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Periodic acid is HIO4 or H5IO6. The name is not derived from "period", but from "iodine": per-iodic acid (compare iodic acid, perchloric acid), and it should thus be pronounced per-iodic and not as in the usual meaning of periodic.
Additional recommended knowledge
In dilute solution, periodic acid exists as H+ and IO4−. When more concentrated, orthoperiodic acid, H5IO6, is formed. This can be obtained as a crystalline solid. Orthoperiodic acid can be dehydrated to metaperiodic acid, HIO4. Further heating gives diiodine pentoxide (I2O5) and oxygen; apparently the anhydride 'diiodine heptoxide' does not exist in nature but can be formed synthetically.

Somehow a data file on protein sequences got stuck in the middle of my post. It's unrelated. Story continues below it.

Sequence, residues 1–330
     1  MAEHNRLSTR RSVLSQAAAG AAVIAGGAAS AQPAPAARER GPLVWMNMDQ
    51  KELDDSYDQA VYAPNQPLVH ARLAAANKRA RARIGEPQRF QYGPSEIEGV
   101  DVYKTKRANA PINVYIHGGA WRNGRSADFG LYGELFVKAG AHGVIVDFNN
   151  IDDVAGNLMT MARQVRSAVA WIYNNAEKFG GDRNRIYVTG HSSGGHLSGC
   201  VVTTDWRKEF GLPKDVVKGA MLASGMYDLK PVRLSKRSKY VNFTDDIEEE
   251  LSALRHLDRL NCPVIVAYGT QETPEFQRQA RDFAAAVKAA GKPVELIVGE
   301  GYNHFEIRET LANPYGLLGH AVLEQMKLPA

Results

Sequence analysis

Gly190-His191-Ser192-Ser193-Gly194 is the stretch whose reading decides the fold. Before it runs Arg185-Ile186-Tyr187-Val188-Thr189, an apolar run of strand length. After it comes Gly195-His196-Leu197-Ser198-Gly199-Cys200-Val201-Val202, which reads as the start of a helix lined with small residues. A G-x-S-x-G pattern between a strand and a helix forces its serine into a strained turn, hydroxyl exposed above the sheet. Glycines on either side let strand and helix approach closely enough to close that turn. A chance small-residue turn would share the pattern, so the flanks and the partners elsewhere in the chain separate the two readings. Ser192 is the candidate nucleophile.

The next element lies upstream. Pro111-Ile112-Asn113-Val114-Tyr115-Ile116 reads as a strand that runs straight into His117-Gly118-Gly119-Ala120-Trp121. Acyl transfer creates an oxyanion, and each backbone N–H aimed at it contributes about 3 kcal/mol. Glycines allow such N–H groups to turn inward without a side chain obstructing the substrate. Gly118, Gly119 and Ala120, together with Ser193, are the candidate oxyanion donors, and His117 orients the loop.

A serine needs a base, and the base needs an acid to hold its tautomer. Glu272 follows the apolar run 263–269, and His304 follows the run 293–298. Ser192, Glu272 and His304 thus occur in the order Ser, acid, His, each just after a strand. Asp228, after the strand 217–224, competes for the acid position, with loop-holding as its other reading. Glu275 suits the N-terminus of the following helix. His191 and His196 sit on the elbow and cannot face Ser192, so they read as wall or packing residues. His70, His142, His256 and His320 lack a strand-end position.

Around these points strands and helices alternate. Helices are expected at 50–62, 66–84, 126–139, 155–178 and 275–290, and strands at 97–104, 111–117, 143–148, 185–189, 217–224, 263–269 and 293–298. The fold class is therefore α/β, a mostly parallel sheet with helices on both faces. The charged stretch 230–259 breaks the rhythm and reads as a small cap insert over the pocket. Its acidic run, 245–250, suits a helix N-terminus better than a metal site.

Thus, two forms of periodates exist. One relating to the acid HIO4, the other relating to H5IO6. The former results in metaperiodates (meta- meaning less water) and the latter, orthoperiodates (ortho- meaning more water). Metaperiodates have solubilities and chemical properties similar to perchlorates (similar but larger ion size) though they are less oxidizing than perchlorates.
Periodic acid is also used in organic chemistry for structural analysis. Periodic acid will cleave a vicinal diol into two aldehyde fragments. This can be useful in determining the structure of carbohydrates.
|This article is licensed under the GNU Free Documentation License. It uses material from the Wikipedia article "Periodic_acid". A list of authors is available in Wikipedia.|